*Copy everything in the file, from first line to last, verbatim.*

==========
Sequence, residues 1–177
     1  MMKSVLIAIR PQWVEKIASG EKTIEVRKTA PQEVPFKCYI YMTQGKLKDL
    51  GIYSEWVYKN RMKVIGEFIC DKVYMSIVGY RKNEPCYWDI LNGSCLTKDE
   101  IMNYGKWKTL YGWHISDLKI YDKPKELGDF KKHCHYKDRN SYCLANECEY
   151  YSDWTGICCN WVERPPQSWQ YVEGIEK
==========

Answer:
Sequence, residues 1–177
     1  MMKSVLIAIR PQWVEKIASG EKTIEVRKTA PQEVPFKCYI YMTQGKLKDL
    51  GIYSEWVYKN RMKVIGEFIC DKVYMSIVGY RKNEPCYWDI LNGSCLTKDE
   101  IMNYGKWKTL YGWHISDLKI YDKPKELGDF KKHCHYKDRN SYCLANECEY
   151  YSDWTGICCN WVERPPQSWQ YVEGIEK